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Huskies run out of miracles

Connecticut had pulled two great escapes during this NCAA Tournament. Why not another one?

That's what the Huskies were thinking when they got Sunday's Washington Regional final into overtime on Denham Brown's layup at the buzzer. But this time, they ran out of magic.

"It's so upsetting after all the hard work that we've done," Brown said after the Huskies' 86-84 defeat. "After so much, to rely on one shot every game is tough. This isn't good enough, not with the caliber of team we have. Obviously George Mason played a great game but we were really looking forward to the Final Four. It just never happened."

Although UConn has been ranked at or near the top of the polls all season and entered this game 30-3, coach Jim Calhoun has freely admitted his team was flawed. Marcus Williams is the only true guard and the huge frontline has been spotty, as evidenced by the six-point, four-rebound no-show by 6-foot-10 Josh Boone.

With Boone in a fog most of the game, the Huskies were lucky that 6-6 freshman Jeff Adrien had the game of his career with 17 points on 7-of-8 shooting. Adrien, averaging just 6.2 points, had not hit in double figures in the last 10 games and played only five minutes Friday night.

"He was magnificent," Calhoun said.

Calhoun thought the Brown layup would turn the tide in his team's favor just like Rasad Anderson's buzzer-beating three-pointer did Friday night against Washington.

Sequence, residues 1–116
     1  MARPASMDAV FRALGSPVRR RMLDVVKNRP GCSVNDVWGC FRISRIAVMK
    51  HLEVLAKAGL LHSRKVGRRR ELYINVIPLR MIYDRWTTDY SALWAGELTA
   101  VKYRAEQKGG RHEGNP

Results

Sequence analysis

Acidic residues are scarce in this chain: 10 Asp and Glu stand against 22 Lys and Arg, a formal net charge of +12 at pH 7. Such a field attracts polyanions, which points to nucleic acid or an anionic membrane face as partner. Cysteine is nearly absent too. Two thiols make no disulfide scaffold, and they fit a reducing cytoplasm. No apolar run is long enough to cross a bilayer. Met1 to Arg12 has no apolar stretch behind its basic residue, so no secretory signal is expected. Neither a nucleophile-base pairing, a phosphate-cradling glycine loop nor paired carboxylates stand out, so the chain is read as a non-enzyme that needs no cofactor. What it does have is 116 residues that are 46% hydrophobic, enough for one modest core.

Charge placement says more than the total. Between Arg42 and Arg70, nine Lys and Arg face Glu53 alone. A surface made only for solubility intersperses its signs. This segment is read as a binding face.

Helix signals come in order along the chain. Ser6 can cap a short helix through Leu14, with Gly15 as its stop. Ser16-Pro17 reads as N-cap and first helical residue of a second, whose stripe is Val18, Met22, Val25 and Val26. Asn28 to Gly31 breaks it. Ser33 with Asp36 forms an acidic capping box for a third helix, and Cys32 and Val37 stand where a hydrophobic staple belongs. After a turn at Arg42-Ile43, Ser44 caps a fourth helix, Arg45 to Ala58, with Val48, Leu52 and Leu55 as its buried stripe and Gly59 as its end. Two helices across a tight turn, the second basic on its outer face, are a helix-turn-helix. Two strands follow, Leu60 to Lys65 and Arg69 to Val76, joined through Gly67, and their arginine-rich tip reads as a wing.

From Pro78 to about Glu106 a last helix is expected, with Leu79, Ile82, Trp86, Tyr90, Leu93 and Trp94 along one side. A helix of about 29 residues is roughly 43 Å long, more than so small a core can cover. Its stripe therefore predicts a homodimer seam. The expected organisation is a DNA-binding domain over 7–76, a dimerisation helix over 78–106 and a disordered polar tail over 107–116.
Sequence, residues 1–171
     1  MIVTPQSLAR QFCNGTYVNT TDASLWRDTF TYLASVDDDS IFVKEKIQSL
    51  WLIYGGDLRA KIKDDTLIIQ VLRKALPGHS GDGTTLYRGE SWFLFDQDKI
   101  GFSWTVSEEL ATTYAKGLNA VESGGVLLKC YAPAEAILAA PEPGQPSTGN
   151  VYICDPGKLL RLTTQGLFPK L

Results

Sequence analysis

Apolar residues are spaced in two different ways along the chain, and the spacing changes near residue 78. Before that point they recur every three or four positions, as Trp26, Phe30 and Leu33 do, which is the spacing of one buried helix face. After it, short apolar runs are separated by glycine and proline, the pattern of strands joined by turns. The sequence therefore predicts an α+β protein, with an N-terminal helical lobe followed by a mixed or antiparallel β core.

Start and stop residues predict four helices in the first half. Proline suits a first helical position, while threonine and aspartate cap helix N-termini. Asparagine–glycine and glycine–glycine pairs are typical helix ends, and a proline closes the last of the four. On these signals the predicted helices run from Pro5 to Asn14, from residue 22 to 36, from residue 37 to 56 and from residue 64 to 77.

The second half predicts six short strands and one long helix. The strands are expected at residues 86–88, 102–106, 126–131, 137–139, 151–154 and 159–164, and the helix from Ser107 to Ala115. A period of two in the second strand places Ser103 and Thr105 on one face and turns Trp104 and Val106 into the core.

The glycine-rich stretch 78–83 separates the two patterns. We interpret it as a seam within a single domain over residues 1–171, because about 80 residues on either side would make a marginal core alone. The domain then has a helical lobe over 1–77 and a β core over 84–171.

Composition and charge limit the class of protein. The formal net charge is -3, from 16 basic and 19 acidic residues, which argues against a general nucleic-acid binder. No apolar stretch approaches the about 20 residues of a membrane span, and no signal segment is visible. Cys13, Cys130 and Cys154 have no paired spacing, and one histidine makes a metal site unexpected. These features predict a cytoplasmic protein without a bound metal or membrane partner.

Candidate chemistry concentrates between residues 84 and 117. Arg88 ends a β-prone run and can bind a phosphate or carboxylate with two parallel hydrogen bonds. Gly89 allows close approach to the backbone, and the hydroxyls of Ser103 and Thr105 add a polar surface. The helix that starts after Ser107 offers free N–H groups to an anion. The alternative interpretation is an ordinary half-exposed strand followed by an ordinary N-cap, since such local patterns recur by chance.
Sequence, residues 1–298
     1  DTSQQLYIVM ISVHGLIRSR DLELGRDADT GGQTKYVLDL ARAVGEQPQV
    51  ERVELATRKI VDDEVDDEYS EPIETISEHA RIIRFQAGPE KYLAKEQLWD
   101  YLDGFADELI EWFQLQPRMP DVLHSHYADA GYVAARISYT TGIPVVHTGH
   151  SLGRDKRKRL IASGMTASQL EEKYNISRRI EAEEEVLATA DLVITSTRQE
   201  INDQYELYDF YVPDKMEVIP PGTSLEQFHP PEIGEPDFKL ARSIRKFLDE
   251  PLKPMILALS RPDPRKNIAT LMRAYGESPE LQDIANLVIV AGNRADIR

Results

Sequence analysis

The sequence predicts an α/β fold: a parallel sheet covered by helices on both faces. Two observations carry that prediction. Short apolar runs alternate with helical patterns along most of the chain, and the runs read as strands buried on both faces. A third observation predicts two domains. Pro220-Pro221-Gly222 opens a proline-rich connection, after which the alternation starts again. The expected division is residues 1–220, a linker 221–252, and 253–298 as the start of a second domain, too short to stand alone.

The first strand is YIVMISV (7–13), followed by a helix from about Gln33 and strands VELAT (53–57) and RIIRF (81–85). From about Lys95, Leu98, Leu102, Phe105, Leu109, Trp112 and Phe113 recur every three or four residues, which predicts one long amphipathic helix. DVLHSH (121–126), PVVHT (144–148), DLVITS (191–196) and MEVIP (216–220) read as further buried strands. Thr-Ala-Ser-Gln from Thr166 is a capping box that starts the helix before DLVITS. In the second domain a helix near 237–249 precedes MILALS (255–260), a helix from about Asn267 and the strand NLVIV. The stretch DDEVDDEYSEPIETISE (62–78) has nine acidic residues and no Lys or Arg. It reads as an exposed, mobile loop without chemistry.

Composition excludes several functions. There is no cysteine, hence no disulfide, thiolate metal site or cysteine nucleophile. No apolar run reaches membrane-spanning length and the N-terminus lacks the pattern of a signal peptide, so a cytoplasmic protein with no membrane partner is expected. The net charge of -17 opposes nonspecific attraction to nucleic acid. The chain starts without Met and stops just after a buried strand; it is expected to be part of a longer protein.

"I thought we had dodged the bullet," Calhoun said. "When we got into overtime, I'm saying we're in pretty good shape right now. We needed an adrenaline shot and that got us going. It was less than 48 hours from that situation. Then Rudy Gay wins the tap. The other night we scored, today we threw it away."

Gay, the 6-9 sophomore almost certain to be headed for the NBA lottery, hit several rainbow jumpers to help keep the Huskies in the hunt and rued what's likely his last chance at a title.

"I thought this team could have done a lot more things. We just fell short," Gay said. "We definitely could have gone all the way. For us to go down like this, it hurts.'

"It doesn't always go the way you planned," Calhoun said. "They don't measure heart by inches. They don't measure courage or basketball instinct or intelligence. The game is beautiful because you can win in so many ways. . . . I just give [George Mason] all the credit in the world. They're not on a 'magic carpet ride' because there's any myth here. They're just really, really good."


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